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The Forgiveness Project is an award-winning, secular organisation that collects and shares real stories of forgiveness to build understanding, encourage reflection and enable people to reconcile with the pain and move forward from the trauma in their own lives.
I recently interviewed its founder, Marina Cantacuzino on what the project is all about. She has also authored a book, The Forgiveness Project: Stories for a Vengeful Age.
Maybe you can start out by telling us about yourself and about The Forgiveness Project
After graduating from the University of Cambridge in 1982 I worked for nearly 20 years as a freelance journalist. I was the main breadwinner with a househusband and three children. It was a great career; I travelled widely, met amazing people and learned a lot. But by 2002 I was beginning to feel journalism was tired of me, or I was tired of journalism. Editors were increasingly asking for stupid and salacious details about the people I interviewed which made me feel more and more uncomfortable. I was also struggling to get the work that had previously come so easily.
Then something happened to change the course of my life. I created an exhibit called ‘The F Word: Stories of Forgiveness’ which in turn led to me founding The Forgiveness Project, an organisation that collects, curates and shares real stories of transformation in order to help others transform the pain and conflict in their own lives.
At the heart of everything we do is storytelling. My intention has always been to present healing narratives and facilitate restorative storytelling in the hope that it will allow people to reconcile with trauma, offer hope for a better future, and explore peaceful solutions to violence. The many stories I’ve collected not only represent a model for repairing broken communities or releasing toxic relationships but also shed light on our own smaller grievances by building empathy and providing fresh perspectives on difficult situations.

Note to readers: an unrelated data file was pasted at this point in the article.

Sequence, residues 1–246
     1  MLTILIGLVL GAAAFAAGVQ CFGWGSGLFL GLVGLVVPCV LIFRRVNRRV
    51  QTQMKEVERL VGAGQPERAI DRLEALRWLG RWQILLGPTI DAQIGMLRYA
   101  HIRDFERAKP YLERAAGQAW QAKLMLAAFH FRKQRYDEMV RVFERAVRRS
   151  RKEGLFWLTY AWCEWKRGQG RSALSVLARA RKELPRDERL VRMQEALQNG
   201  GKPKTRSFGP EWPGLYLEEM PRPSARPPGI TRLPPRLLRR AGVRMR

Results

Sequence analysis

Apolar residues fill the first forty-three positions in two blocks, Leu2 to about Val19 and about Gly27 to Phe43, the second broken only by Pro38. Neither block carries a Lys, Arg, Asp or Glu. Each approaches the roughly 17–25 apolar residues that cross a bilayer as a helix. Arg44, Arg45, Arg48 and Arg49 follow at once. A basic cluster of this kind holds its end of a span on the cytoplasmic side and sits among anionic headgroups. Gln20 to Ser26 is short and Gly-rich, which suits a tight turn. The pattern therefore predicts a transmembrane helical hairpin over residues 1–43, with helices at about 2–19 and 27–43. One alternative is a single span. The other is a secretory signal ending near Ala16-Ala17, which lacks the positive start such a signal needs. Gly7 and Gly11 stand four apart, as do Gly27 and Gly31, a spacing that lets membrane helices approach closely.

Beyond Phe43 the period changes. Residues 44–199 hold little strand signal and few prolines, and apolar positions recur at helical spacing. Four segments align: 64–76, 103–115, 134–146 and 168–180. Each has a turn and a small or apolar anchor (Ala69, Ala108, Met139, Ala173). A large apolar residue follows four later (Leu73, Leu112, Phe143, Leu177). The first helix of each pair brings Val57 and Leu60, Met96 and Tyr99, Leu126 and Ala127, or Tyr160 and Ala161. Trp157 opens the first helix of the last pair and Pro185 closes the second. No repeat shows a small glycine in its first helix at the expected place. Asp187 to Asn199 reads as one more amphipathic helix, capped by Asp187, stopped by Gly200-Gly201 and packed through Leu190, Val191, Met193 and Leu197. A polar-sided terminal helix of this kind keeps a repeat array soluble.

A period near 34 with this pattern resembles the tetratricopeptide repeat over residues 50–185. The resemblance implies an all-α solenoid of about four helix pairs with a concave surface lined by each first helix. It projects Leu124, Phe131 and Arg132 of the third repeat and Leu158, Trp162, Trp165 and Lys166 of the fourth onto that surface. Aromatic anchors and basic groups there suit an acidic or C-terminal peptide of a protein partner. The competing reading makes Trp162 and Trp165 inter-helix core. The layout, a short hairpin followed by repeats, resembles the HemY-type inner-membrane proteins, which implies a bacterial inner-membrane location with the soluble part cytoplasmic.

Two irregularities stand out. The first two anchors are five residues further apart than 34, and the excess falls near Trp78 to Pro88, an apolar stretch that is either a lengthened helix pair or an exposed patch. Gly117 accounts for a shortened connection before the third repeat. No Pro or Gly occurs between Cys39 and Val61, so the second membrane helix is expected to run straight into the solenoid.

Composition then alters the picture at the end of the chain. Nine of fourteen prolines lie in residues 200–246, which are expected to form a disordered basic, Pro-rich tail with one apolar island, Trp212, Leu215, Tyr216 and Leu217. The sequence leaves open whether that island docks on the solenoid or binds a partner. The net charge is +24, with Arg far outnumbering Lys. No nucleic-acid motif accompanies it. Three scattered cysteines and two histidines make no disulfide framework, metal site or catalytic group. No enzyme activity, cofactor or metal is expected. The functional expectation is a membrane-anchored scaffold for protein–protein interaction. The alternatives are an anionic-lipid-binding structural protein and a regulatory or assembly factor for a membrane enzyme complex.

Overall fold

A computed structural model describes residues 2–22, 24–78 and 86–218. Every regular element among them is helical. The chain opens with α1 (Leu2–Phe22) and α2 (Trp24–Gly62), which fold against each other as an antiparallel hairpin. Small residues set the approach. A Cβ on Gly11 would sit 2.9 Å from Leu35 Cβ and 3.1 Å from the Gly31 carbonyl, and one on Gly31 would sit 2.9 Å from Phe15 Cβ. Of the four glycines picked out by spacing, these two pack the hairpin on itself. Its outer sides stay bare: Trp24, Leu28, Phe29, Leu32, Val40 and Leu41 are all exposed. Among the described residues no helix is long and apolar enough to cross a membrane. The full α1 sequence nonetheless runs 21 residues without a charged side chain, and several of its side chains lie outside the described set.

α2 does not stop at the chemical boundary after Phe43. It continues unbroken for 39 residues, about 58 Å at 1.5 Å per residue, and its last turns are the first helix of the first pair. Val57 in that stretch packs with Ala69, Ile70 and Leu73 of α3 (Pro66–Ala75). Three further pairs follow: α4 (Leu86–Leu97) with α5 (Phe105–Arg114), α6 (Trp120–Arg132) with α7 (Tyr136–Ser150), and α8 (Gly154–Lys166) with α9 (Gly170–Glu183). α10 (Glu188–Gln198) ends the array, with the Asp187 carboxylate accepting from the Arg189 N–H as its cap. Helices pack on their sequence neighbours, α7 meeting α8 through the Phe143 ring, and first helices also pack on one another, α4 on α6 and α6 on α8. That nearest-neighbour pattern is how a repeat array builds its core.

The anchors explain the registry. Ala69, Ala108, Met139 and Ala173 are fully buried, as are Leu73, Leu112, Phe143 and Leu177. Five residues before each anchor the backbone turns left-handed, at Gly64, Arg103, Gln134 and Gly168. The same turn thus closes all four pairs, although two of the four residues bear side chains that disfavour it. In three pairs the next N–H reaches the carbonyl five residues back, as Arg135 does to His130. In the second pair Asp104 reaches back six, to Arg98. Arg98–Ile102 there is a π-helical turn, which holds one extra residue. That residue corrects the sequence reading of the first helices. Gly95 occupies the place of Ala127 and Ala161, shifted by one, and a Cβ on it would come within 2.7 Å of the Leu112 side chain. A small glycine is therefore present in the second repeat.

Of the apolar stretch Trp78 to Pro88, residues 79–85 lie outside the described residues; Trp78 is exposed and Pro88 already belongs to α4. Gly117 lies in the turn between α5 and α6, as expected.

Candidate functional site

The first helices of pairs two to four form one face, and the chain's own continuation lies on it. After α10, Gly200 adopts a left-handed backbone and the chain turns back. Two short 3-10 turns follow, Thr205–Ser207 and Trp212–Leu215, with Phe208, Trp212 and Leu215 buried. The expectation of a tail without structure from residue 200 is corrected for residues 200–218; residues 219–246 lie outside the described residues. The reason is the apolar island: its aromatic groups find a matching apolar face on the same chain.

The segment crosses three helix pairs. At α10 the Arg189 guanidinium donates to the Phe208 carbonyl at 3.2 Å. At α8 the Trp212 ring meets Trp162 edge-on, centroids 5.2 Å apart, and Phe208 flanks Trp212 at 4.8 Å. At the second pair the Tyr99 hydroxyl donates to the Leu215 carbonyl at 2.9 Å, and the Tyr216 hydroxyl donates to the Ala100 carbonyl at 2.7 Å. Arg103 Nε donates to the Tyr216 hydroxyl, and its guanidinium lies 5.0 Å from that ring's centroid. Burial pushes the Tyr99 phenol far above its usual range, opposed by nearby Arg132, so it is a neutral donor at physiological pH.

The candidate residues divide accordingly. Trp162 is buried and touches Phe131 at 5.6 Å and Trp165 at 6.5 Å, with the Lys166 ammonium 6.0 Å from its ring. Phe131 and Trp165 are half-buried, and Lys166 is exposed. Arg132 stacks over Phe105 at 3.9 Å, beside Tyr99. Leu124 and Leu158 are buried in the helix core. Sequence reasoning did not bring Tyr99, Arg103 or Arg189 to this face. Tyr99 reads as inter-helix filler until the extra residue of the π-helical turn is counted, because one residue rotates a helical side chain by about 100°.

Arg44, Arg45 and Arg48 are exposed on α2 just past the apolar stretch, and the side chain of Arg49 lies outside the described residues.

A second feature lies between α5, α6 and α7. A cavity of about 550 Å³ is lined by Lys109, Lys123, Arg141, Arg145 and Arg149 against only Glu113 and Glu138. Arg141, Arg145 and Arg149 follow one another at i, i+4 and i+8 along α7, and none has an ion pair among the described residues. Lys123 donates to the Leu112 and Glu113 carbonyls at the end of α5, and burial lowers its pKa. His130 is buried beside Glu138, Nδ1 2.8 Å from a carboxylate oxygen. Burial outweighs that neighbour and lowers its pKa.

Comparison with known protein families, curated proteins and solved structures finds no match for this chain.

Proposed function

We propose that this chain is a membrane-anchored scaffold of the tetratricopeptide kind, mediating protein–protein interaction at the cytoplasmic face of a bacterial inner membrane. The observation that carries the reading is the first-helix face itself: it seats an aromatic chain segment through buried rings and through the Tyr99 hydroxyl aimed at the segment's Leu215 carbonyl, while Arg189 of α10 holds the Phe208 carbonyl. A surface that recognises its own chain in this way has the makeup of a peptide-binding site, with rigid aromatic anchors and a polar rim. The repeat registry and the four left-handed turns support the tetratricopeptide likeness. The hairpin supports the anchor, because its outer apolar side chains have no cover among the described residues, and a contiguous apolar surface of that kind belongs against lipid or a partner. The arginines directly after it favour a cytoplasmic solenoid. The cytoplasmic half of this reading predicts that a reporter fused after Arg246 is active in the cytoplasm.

What was the impetus for creating The Forgiveness Project?
In a way I have Tony Blair to thank for propelling me along this path. In February 2003 I went on the ‘Stop the War’ march in London’s Hyde Park where nearly 2 million people tried to convince our then Prime Minister that invading Iraq was not something that the British people wanted. ‘Not in our name!’ screamed the placards and yelled the protesters. I felt a level of frustration and fury that I’d never felt about any political situation before, convinced that attempting to bomb Iraq into a democracy and removing its dictator from power would almost certainly make matters worse. Tony Blair heard the public outcry but he did not listen. From that moment on, as a journalist, I felt compelled to create a counter-narrative to the one of payback and retaliation more vividly and more forcefully.
My newly formed peace activism probably would have begun and ended on that protest march had it not been for one other thing that stirred me up and spurred me on. This was seeing the photograph of a terrified and traumatised 12-year-old boy called Ali Abbas. Ali became a symbol of the random futility of this war after losing both his arms and almost his entire family in a US missile attack on Baghdad in March 2003. I was appalled by the haunted look in Ali’s eyes as he stared out from the front page of almost every newspaper the day after the attack and as a result I started trying to create a counter-narrative to the one of retribution and payback, and began collecting stories of forgiveness and reconciliation both from survivors of atrocity but also from former perpetrators who had transformed their aggression into a force for peace.